CONCLUSIONS

© Rosemary Bardsley 2017

Reduced to its practical implications and application in roles and functions in a local Church, the Christological model can be summarized as follows:

 

In terms of Christ modelling submission:

[1] There is a structure within the Trinity in which the Father is the head of the Son and the Son submits to the Father. Paul refers to this Father/Son role structure as analogous to the man/woman role structure [1Corinthians 11:3].

[2] This Christological analogy thus very strongly affirms male headship of the Church.

[3] The Son’s willing submission to the Father models the role and function of women in the Church. As such it glorifies ‘submission’. It robs it of all negative connotations.

[4] However, the Christological analogy, by the Father’s delegation of authority to the Son, also affirms the inclusion of women in all the roles and functions of the Church, excepting only the position(s) of the ‘head’.

 

In terms of Christ modelling headship:

[5] The New Testament presents Jesus Christ as the ‘head’ of the Church. [Paul uses the Christ/church relationship as an analogy of the man/woman (husband/wife) relationship in Ephesians 5:22ff].

[6] As the ‘head’ Christ demonstrates that headship includes the three synergistic and interdependent aspects of source, authority and representation.

[7] Not one of these exists or operates apart from the other, and each involved Christ in intense self-denial. This indicates a very heavy and sometimes painful burden on the (male) head of the local Church.

 

The obvious difficulties with the Christological model:

While it is relatively easy to understand the implications of Christ’s modelling of both submission and headship, there are difficulties in the practical application of this model to male/female roles and functions in a local Church.

[8] There is perfect trust between the Father and the Son. Men and women in the Church do not trust each other perfectly.

[9] Both Christ’s submission and his headship are perfect. Neither woman’s submission nor man’s headship is perfect.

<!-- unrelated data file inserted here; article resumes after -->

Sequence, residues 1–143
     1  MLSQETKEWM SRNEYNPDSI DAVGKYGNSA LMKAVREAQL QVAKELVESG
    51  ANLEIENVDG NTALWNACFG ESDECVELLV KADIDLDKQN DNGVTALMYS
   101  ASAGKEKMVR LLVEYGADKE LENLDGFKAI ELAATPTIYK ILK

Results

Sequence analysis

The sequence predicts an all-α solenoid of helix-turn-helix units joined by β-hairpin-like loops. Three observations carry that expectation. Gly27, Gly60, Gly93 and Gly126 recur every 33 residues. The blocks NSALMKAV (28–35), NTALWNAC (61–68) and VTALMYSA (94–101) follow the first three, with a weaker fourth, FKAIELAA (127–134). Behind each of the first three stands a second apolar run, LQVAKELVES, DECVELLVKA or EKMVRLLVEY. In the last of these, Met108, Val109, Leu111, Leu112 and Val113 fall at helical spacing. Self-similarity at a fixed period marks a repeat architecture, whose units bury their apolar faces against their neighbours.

[10] Both of the above mean that there will be failures and frustrations in any application of the Christological model to Church governance and practice.

The existence of these practical difficulties does not invalidate the Christological model. Paul used the Christological analogy knowing full well that the practical application of that analogy would fail to fully replicate the Christological model. The analogy instructs us; it models both submission and headship; it shows us what real submission looks like; it shows us what real headship looks like. It does not guarantee that our application of the model, our attempts to emulate Christ both in submission and in headship, will succeed.

But as the Church, corporately and individually, focuses on Christ, the Spirit who indwells both the Church corporately and the believer individually, will do his transformational work of changing us so that we, both in our individual lives and together in the Church, will increasingly look like Jesus [2Corinthians 3:18].

With this hope, with this assurance of the Spirit’s work, we can implement the Christological model of both submission and headship. One question ought to be quite clear: How can we humans be offended by a role structure when such a role structure is obviously embedded in the very nature of God? The offence ought not to be because of the existence of such a structure, but because of the way that structure is expressed by humans, including Christian humans. Our goal ought not to be to do away with male/female role distinctives but to emulate the way role distinctives [both perfect headship and perfect submission] are revealed and exemplified in Jesus Christ.